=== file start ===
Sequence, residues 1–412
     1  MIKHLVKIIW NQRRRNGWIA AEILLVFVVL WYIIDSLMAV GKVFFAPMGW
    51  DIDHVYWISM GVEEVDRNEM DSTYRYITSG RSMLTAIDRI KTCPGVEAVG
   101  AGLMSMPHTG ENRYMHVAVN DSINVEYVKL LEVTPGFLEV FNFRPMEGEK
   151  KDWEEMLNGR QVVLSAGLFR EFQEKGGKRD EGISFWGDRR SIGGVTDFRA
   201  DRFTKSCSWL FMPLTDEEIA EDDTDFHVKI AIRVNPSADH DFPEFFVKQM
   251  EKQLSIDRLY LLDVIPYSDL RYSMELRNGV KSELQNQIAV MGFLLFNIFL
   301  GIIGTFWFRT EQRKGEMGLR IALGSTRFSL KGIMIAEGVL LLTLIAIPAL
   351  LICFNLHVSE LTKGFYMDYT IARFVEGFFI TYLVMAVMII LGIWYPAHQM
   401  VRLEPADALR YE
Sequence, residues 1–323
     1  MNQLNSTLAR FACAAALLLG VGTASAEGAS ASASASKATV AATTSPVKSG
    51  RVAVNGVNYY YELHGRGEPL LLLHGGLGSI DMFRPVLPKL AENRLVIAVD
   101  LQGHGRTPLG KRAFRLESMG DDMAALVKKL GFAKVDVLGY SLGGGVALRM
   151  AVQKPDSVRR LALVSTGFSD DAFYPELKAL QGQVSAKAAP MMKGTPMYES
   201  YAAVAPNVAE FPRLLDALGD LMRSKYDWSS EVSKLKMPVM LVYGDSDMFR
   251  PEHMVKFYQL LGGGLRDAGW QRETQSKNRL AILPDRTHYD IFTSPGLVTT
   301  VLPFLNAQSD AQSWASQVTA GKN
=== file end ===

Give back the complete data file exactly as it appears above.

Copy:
Sequence, residues 1–412
     1  MIKHLVKIIW NQRRRNGWIA AEILLVFVVL WYIIDSLMAV GKVFFAPMGW
    51  DIDHVYWISM GVEEVDRNEM DSTYRYITSG RSMLTAIDRI KTCPGVEAVG
   101  AGLMSMPHTG ENRYMHVAVN DSINVEYVKL LEVTPGFLEV FNFRPMEGEK
   151  KDWEEMLNGR QVVLSAGLFR EFQEKGGKRD EGISFWGDRR SIGGVTDFRA
   201  DRFTKSCSWL FMPLTDEEIA EDDTDFHVKI AIRVNPSADH DFPEFFVKQM
   251  EKQLSIDRLY LLDVIPYSDL RYSMELRNGV KSELQNQIAV MGFLLFNIFL
   301  GIIGTFWFRT EQRKGEMGLR IALGSTRFSL KGIMIAEGVL LLTLIAIPAL
   351  LICFNLHVSE LTKGFYMDYT IARFVEGFFI TYLVMAVMII LGIWYPAHQM
   401  VRLEPADALR YE
Sequence, residues 1–323
     1  MNQLNSTLAR FACAAALLLG VGTASAEGAS ASASASKATV AATTSPVKSG
    51  RVAVNGVNYY YELHGRGEPL LLLHGGLGSI DMFRPVLPKL AENRLVIAVD
   101  LQGHGRTPLG KRAFRLESMG DDMAALVKKL GFAKVDVLGY SLGGGVALRM
   151  AVQKPDSVRR LALVSTGFSD DAFYPELKAL QGQVSAKAAP MMKGTPMYES
   201  YAAVAPNVAE FPRLLDALGD LMRSKYDWSS EVSKLKMPVM LVYGDSDMFR
   251  PEHMVKFYQL LGGGLRDAGW QRETQSKNRL AILPDRTHYD IFTSPGLVTT
   301  VLPFLNAQSD AQSWASQVTA GKN